If hot sauce is the spice in your life, it may be time to do a double take before you add this popular condiment to your food. While many of the hot sauces in the U.S. come from south of the border onto the supermarket shelves, into kitchen cabinets, and onto foods, not all imported sauces are created equal. Before you reach over to grab the exotic, spicy hot sauce bottle that will make your food muy caliente, there are four popular imported Mexican hot sauces that you should avoid to prevent lead poisoning.

Researchers at the University of Nevada Las Vegas (UNLV) conducted a study of imported Mexican hot sauces and found dangerously high levels of lead that surpass the Food and Drug Administration's (FDA) 'safe' lead levels for candy. Twenty-five bottles of imported hot sauces from Mexico and South America were obtained by the researchers in Clark County, Nev., with the majority of the sauces coming from south of the border because of the country's previous lead scandals. The bottles were tested for lead concentrations, pH, and leaded packaging. The findings of the study reported that four out of the 25 hot sauces tested, or 16 percent, had exceeded FDA 'safe' lead levels in candy— 0.1 ppm (parts per million) lead is the standard for unsafe levels in the sweets.

Why FDA 'Safe' Lead Levels In Candy Matter In Hot Sauce

A study conducted by a UNLV research team a few years ago found unsafe levels of lead in Mexican candies that were sold in the U.S. The salt and chili powder-coated candies were found to contain lead levels as high as 0.15 ppm of lead in Oregon laboratory tests, according to Oregon.gov.

Researchers have noted that the ingredients found in Mexican candies are similar to the ingredients found in a bottle of imported hot sauce. "The main sources of lead in the hot sauces were spicy peppers and salt," said Shawn Gerstenberger, interim dean of the School of Community Health Sciences and lead researcher of the study.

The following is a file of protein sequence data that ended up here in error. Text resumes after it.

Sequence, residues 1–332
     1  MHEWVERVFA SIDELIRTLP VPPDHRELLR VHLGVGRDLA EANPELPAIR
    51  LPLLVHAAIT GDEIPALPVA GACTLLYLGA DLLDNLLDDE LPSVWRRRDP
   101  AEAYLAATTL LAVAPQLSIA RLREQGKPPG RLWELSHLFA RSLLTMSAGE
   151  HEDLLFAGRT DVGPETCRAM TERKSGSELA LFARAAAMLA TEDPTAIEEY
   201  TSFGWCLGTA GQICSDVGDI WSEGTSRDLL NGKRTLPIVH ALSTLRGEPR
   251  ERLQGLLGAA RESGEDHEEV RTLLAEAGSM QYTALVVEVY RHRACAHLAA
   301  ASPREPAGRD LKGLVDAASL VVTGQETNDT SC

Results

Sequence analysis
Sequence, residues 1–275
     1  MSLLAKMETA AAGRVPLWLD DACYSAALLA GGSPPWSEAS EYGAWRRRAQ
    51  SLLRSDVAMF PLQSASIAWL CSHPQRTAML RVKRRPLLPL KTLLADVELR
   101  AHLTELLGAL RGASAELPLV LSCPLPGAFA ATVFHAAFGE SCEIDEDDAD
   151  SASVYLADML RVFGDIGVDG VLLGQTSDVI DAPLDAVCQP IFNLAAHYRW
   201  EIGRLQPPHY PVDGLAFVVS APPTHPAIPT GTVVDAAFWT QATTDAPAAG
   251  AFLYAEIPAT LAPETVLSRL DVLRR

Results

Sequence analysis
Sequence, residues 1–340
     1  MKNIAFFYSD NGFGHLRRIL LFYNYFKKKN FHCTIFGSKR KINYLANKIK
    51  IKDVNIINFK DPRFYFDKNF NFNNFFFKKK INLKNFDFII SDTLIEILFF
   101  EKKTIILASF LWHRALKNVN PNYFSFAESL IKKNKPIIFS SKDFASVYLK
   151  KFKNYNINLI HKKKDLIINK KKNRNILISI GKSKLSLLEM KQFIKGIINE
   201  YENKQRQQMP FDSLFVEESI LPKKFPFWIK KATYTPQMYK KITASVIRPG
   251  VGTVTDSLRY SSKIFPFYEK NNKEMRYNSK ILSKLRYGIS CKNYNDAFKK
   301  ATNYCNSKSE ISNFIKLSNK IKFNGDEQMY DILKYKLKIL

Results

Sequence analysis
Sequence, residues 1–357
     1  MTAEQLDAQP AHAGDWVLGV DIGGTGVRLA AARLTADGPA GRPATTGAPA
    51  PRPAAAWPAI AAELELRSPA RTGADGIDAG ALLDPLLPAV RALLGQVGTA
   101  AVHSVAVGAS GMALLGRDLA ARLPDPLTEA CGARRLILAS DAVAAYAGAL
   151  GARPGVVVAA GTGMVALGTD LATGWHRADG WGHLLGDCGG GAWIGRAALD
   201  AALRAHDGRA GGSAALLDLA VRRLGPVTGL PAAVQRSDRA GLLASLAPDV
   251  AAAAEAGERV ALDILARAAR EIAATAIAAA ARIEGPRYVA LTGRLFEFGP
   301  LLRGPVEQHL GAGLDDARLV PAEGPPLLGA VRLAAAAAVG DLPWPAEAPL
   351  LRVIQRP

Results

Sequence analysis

Currently, the FDA finds that fresh peppers do contain lead at non-detectable levels or trace levels, which the administration deems safe. However, spicy or chili peppers can be dangerously contaminated with lead when the soil deposits begin to build up on the peppers in open fields, says the FDA. The severity of lead poisoning from spicy peppers can be eliminated if croppers wash them thoroughly, according to Gerstenberger.

Salt, which can be mined from different parts of the world, has been linked to a greater likelihood of high levels of lead that can exceed the FDA's 'safe' lead levels for sweets. The California Department of Public Health (CDPH) warns consumers that candies and hot sauces that contain tamarind, chili powder, or salt from overseas contain higher levels of salt, especially if imported from Mexico, Malaysia, China, and India.

Imported Mexican Hot Sauces With Unsafe Lead Levels

The UNLV research team found the following four hot sauces to have dangerously high levels of lead:

El Pato Salsa Picante

Salsa Habanera

Salsa Picante de Chile Habanero

Bufalo Salsa Clasica

Lead Poisoning And Its Symptoms

The naturally occurring metal, lead, is used in everyday consumer products. However, FDA standards help monitor the exposure of lead levels in these products. According to the National Institute of Environmental Health Sciences, no amount of lead is safe so it is vital to eliminate exposure to lead as much as possible.

Children who are six years and younger are at greater risk of lead poisoning because they are still developing, and tend to put toys and other objects into their mouth that can contain bacteria harmful to the immune system.

To identify whether you or a loved one has lead poisoning, Mayo Clinic lists the following symptoms for newborns, children, and adults:


  • Learning difficulties
  • Slowed growth


  • Irritability
  • Loss of appetite
  • Weight loss
  • Sluggishness and fatigue
  • Abdominal pain
  • Vomiting
  • Constipation
  • Learning difficulties


  • High blood pressure
  • Declines in mental functioning
  • Pain, numbness, or tingling of the extremities
  • Muscular weakness
  • Headache
  • Abdominal pain
  • Memory loss
  • Mood disorders
  • Reduced sperm count, abnormal sperm
  • Miscarriage or premature birth in pregnant women

For more information on lead poisoning, visit the American Lead Poisoning Help Association, Inc.